This article by Executive Director Casey Caster appeared in TYC’s Youth + You email newsletter.
May is Mental Health Awareness Month. It offers an opportunity to check in with ourselves, our loved ones, our children, our students and colleagues. How are you really doing?
Often, we ask in passing, not really listening to the response. And too often, we reply with a perfunctory, “Good,” “Fine,” or “Great, how about you?” when we’re feeling anything but.
According to the CDC:
- More than half of us in the U.S. will be diagnosed with a mental illness or disorder at some point in our lifetime.
- One in 5 Americans will experience a mental illness in a given year.
- One in 5 children, either currently or at some point during their life, have had a seriously debilitating mental illness.
- One in 25 Americans lives with a serious mental illness, such as schizophrenia, bipolar disorder, or major depression.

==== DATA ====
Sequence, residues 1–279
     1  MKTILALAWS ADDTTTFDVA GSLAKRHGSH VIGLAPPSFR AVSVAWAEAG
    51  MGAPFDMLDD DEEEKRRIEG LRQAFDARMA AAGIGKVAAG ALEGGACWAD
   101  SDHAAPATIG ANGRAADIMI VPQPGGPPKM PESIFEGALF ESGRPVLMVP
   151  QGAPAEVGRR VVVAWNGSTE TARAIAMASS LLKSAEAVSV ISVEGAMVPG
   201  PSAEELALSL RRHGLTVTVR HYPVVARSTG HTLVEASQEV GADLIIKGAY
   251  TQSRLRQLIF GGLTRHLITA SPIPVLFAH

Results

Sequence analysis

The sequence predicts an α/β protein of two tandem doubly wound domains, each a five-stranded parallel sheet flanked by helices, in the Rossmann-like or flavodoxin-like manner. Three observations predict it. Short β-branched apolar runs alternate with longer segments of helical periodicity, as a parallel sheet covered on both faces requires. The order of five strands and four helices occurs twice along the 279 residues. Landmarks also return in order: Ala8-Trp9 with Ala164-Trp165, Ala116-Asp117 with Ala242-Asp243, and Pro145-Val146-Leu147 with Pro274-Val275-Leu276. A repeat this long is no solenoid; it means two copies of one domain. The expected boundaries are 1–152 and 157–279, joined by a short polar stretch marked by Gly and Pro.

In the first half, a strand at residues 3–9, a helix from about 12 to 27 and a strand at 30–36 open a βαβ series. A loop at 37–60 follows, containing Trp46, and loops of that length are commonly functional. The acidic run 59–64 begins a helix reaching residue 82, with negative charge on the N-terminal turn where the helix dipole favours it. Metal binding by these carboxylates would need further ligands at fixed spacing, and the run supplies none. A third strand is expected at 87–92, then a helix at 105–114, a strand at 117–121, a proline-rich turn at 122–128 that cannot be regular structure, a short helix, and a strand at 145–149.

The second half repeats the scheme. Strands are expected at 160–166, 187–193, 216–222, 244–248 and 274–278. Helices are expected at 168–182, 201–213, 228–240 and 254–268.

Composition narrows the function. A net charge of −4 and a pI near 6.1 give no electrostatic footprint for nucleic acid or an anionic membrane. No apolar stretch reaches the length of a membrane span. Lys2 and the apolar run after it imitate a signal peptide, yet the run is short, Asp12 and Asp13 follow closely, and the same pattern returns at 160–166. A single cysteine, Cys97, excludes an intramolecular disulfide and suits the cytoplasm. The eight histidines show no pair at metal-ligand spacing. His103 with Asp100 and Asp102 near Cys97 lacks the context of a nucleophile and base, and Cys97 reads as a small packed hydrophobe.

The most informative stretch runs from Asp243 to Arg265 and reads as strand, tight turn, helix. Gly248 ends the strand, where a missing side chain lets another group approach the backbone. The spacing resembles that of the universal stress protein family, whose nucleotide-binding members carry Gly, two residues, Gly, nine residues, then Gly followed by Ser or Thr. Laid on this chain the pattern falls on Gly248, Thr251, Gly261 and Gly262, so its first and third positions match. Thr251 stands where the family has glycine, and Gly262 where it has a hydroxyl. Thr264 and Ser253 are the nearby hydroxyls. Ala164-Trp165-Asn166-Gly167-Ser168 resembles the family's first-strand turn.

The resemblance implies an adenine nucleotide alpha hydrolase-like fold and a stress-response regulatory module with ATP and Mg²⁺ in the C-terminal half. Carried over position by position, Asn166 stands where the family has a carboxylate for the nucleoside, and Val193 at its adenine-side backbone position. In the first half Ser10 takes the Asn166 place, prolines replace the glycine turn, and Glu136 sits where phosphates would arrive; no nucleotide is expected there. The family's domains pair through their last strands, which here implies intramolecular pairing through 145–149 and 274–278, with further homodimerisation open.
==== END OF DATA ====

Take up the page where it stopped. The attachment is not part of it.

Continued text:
This month, the National Alliance for Mental Health’s (NAMI) awareness campaign’s message is “Together for Mental Health.” We at The Youth Council join NAMI in bringing our voices together—this month and always—to advocate for access to mental health care, because no one should struggle to receive the support they need to thrive.
I couldn’t be prouder of our counselors and youth professionals here at The Youth Council, who provide critical mental health support to youth and families in Greater Nashua. From counseling in local schools, to individual therapy and support groups for youth, our team empowers local youth to take control of their mental health. But as our nationally-recognized youth mental health crisis demonstrates: There’s so much more to do.
We invite you to join us this month in lifting your voice for mental health awareness. There are many ways to help.
- Share messages and stories on your social media and in your daily life to normalize the conversation about mental health. Feel comfortable sharing your own story? There’s no better way to show that we’re all in this together.
- Check out the resources below and, if you know someone they could help, send it their way.
- If financially you’re able, donate to The Youth Council or any mental health-focused nonprofit organization you support. Your gift will go to improving access to mental health care for local youth.
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